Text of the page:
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From the Officer’s Desk: Motivating Employees for High Performance

One of the top priorities for any EMS officer is to support their employees. We must be committed to working with our direct reports and ensuring not only that they are engaged in their day-to-day work but that they are prepared to meet the expected and unexpected demands of the system. We addressed in a previous column how to keep employees engaged; however, the larger goal must be to understand how to motivate them to be high performers on a consistent basis.

What does a high-performing employee look like? High-performing employees seek out assignments and take the initiative to get things done. They exceed work expectations, are committed to quality, deliver projects before deadlines, are thirsty for learning new things, accept feedback as a learning opportunity, and work extremely well with others, just to name a few. High performance must be woven into the organization’s culture and encouraged to permeate throughout. However, it cannot be accomplished unless employees are willing and motivated to perform at that level.

What Contributes to Low-Performing Employees?

First, if EMS leaders aren’t monitoring their direct reports’ day-to-day work performance, they’re falling behind the curve. Employee performance evaluation, feedback, and recognition must be ongoing throughout the year. Knowing how well employees perform on a consistent basis is the first step in building a high-performance team. This approach will allow the EMS officer to detect underperforming employees sooner rather than later.

It’s not uncommon for leaders to assume employees are unmotivated and underperforming as a result of their current job role. However, that might not be the case—it’s essential to speak with them.

Research by psychologist Frederick Herzberg revealed certain factors, also known as hygiene factors, that contributed to job dissatisfaction. These include peer relations, salary and benefits, job security, supervision, work conditions, and organizational policies. Leigh Branham, author of The 7 Hidden Reasons Employees Leave, suggested employees leave organizations not because of monetary reasons but because they feel their work is not valued, don’t trust leadership, and supervisors don’t provide the support to be successful.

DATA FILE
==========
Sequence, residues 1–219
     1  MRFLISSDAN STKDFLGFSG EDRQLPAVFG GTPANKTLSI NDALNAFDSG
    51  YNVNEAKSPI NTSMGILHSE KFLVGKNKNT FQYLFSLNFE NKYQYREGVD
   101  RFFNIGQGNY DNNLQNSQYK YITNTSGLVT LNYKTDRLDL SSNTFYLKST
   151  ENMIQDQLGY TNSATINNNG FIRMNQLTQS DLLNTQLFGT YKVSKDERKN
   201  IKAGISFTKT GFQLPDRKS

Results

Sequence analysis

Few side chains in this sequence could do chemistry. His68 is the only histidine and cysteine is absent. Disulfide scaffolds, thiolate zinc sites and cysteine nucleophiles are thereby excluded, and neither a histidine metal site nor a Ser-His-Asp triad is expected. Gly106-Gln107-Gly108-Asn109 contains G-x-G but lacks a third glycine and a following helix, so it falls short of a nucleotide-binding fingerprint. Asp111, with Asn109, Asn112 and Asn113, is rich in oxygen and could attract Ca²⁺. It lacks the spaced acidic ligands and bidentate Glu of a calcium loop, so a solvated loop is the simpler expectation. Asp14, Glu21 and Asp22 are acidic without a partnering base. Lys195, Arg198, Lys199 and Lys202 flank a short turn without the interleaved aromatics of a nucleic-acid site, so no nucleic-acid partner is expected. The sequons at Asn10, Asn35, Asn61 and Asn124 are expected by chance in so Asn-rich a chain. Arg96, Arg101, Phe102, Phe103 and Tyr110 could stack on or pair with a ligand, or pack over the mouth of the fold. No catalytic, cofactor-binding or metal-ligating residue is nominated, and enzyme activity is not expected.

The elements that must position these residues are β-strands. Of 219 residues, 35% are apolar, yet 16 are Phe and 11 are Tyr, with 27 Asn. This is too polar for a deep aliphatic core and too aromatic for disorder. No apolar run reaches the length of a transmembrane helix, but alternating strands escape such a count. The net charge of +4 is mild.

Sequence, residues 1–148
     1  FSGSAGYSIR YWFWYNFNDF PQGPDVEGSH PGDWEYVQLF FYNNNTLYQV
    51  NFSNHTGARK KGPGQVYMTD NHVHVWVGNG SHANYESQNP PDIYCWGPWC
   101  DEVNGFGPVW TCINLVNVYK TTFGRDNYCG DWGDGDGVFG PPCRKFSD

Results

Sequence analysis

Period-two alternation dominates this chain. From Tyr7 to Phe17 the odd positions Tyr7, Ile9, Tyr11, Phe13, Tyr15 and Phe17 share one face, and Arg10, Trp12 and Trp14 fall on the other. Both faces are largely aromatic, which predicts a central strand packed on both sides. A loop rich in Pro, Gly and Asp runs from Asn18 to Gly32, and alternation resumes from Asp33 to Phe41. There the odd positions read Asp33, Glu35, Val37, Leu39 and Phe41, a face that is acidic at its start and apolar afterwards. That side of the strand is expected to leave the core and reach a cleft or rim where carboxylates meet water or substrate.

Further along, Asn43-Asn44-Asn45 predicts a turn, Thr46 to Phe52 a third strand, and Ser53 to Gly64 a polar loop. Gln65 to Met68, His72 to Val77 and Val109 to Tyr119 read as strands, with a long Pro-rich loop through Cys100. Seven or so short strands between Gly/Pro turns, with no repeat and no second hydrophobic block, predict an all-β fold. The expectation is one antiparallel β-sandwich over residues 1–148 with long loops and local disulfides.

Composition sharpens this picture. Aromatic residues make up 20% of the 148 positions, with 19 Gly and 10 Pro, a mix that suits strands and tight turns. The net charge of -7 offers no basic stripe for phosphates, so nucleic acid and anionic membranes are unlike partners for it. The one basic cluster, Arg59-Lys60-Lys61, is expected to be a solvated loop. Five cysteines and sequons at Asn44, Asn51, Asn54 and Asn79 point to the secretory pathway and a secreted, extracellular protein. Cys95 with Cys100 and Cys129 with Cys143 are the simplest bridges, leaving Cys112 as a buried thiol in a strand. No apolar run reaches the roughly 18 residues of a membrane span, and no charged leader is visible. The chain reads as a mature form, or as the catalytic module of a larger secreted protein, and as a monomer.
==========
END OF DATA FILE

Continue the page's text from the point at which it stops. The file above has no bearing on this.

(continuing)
Hygiene factors are not part of the actual work but are aspects that surround it and may contribute to motivation problems and poor performance. Identify and mitigate these so they no longer create dissatisfaction.

Motivating Employees for Top Performance

As there are factors that harm employee motivation and performance, other aspects of an organization’s culture can enhance job satisfaction and motivate employees to become high performers. Once the sources of dissatisfaction have been reduced or eliminated, leaders can begin to implement and improve those motivational factors.

Common motivating factors include opportunities for advancement, the autonomy to get things done, opportunities for personal and professional growth, recognition, achievement, added responsibilities and challenges, and having the tools to accomplish the job.

Promoting these motivating factors will ultimately foster satisfaction, motivation, and commitment. Turning an organization from ordinary to extraordinary begins with taking care of its employees.

10 Steps to Keep Employees Motivated

The leader’s commitment to motivate employees to become high performers must not end once the employee reaches that high level. Leaders must find tactics that ensure employees remain motivated and perform at that level consistently. Here are some strategies to consider:

1. It all starts with the organization’s leaders—evaluate yourselves to determine if you’re helping or hindering employees from becoming high performers.

2. Be available to mitigate or eliminate poor hygiene. Demonstrate you care about these concerns.

3. Make it a priority to adopt motivating factors. Recognize employees; provide autonomy and opportunities for growth and promotion.

4. Meet with employees to establish a high-performance baseline. This will allow leaders to determine if the employee’s performance drops below its established threshold.

5. Be available to mentor and coach employees.

6. Promote a culture of collaboration among team members and other internal and external stakeholders.

7. Create opportunities for employees to grow their skills and support them with their day-to-day work activities.

8. Make it a priority to recognize employees for the great work they do on a regular basis.

9. Give employees a purpose, establish trust, and promote open lines of communication.

10. Don’t forget how important it is to have fun at work. Give employees a reason besides a paycheck to come to work. If employees enjoy coming to work, they will most likely be motivated to become high performers.

Stay committed to mitigating poor hygiene factors and promoting motivational factors. This will ensure employees remain motivated and display high performance in all levels of the organization.

Orlando J. Dominguez, Jr., MBA, RPM, is assistant chief of EMS for Brevard County Fire Rescue in Rockledge, Fla. He has more than 30 years of EMS experience and has served as a firefighter-paramedic, flight paramedic, field training officer, EMS educator, and division chief. He has authored two books, including EMS Supervisor: Principles and Practice, and is a certified Lean Six Sigma Green Belt. Follow him at @ems_officer. 


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